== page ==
Date of Award


Degree Type


Degree Name

Doctor of Philosophy (PhD)

Graduate Group

Epidemiology & Biostatistics

First Advisor

Jeane Ann Grisso


Witnessing domestic violence during childhood has been associated with various negative health outcomes. In this work, we conducted a series of analyses to further explore the effects of witnessing that persist into adolescence, adulthood, and, taking a novel approach, to the next generation of children.

First, we compared witnessing status and subsequent experiences with different types (physical, sexual, emotional, or multiple types) of adolescent relationship violence by comparing standardized marginal effects from multiply-imputed data. Witnessing was associated with all forms of violence, and additive effect modification indicated that female witnesses were more likely than male witnesses to experience victimization-related outcomes. In contrast, male witnesses were more likely than female witnesses to experience perpetration-related outcomes, except for physical perpetration.

Second, using standardized multinomial regression, we compared whether witnessing same-gender, opposite-gender, or bidirectional domestic violence perpetration was associated with different adolescent relationship violence outcomes for boys and girls. Compared to non-witnesses, boys who witnessed adult males perpetrate had increased adolescent perpetration. In contrast, girls had increased adolescent victimization if they witnessed males and females perpetrating together and had a tendency toward higher victimization when witnessing males perpetrate alone. Notably, boys and girls who witnessed females perpetrate, alone or together with a male, had increased risk for combined victimization/perpetration compared to non-witnesses.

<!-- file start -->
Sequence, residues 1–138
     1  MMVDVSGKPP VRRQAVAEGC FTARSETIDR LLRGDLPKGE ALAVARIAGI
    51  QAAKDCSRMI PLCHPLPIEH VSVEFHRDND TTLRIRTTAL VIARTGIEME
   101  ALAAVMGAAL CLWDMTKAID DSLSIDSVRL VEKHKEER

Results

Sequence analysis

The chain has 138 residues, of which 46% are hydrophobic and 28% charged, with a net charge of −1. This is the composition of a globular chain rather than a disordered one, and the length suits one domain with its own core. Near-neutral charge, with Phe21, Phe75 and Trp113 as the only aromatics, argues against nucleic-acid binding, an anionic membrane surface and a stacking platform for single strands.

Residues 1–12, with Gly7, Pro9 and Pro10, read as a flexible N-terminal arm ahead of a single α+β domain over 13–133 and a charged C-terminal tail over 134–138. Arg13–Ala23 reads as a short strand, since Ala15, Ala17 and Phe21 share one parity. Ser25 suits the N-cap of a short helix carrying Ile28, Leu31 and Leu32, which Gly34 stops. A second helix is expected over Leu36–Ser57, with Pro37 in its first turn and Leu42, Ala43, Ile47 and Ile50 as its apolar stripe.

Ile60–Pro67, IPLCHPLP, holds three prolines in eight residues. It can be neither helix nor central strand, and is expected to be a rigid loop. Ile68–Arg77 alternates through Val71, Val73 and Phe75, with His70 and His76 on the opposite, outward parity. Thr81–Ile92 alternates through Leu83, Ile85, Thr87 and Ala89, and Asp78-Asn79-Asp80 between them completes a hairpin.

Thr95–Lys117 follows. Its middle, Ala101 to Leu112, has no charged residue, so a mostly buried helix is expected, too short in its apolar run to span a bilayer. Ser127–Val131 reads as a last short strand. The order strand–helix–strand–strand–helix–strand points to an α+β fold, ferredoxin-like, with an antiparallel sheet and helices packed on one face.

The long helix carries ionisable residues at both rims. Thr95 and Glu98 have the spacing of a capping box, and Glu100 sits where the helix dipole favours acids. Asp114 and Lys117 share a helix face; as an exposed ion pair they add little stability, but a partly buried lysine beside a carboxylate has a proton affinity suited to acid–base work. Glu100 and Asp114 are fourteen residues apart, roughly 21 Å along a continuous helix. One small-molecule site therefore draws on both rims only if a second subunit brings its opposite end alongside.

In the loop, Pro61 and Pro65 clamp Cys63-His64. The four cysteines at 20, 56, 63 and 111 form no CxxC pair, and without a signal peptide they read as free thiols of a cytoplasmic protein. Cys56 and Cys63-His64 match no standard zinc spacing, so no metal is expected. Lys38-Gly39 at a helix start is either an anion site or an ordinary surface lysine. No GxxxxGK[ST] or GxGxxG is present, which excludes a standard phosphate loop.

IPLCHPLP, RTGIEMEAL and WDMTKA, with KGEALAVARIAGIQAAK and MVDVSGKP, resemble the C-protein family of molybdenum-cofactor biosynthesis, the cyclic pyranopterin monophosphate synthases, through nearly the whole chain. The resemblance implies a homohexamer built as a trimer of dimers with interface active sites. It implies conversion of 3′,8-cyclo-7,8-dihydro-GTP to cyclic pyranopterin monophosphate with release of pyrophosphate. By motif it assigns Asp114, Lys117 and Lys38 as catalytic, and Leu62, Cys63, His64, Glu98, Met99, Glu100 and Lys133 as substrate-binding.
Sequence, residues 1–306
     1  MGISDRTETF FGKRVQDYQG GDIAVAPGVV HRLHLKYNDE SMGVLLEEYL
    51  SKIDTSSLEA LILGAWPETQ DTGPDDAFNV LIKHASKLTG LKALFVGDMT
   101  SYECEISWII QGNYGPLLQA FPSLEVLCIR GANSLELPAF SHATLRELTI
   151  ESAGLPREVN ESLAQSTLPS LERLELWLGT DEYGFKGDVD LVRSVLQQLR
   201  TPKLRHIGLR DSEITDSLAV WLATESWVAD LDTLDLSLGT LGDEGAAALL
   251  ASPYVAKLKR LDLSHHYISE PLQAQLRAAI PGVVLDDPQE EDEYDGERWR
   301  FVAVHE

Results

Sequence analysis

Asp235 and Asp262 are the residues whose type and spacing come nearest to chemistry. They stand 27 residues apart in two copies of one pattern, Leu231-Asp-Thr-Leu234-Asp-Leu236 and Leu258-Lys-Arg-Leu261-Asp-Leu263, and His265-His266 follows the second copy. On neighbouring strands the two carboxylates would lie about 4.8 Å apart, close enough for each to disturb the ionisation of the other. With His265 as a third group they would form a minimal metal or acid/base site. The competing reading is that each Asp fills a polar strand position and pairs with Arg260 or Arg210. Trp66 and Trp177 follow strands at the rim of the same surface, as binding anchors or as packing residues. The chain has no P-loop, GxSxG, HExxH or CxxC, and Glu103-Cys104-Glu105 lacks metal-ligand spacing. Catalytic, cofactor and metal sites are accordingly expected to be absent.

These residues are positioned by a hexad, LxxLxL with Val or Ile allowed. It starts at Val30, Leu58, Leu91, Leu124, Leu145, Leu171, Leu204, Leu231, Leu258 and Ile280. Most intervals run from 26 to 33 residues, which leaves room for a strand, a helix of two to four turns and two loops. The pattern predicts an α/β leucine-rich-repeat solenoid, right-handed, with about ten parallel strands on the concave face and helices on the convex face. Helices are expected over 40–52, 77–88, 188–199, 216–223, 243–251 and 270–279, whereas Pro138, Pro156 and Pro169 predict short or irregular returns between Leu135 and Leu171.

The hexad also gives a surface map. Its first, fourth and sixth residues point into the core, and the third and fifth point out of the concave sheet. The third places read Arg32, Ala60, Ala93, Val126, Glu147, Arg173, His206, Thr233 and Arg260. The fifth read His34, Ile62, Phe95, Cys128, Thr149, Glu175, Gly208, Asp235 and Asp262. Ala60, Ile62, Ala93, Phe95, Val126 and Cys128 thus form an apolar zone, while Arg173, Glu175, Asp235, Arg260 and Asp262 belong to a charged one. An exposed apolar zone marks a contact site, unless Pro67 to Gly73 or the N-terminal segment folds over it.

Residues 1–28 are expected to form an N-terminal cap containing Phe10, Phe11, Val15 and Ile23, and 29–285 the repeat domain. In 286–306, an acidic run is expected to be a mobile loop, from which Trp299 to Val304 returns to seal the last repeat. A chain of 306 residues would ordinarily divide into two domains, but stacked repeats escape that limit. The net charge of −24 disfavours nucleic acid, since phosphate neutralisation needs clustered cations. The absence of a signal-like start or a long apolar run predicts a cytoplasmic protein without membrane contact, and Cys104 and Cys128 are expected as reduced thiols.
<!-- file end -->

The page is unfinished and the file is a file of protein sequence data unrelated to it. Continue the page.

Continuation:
Finally, perhaps the greatest challenge in this field is having to rely on observational studies, particularly because witnessing co-occurs with many confounding experiences. To overcome this limitation, we used propensity score weighting and applied a new approach to understand the impact that intergenerational violence has on health. Comparing the effects of witnessing domestic violence on first- and second-generation health outcomes using parent-child pairs from a population-based study, we found no effect of witnessing on general health of adults who witnessed violence during childhood. However, children whose parents witnessed domestic violence had worse health compared to children with non-witnessing parents.

This work further supports the theory of intergenerational violence transmission and provides a springboard for future studies by offering a novel approach to studying multi-generational effects of witnessing and promoting more rigorous methods to remove the effects of commonly confounding exposures.

Available for download on Thursday, July 23, 2020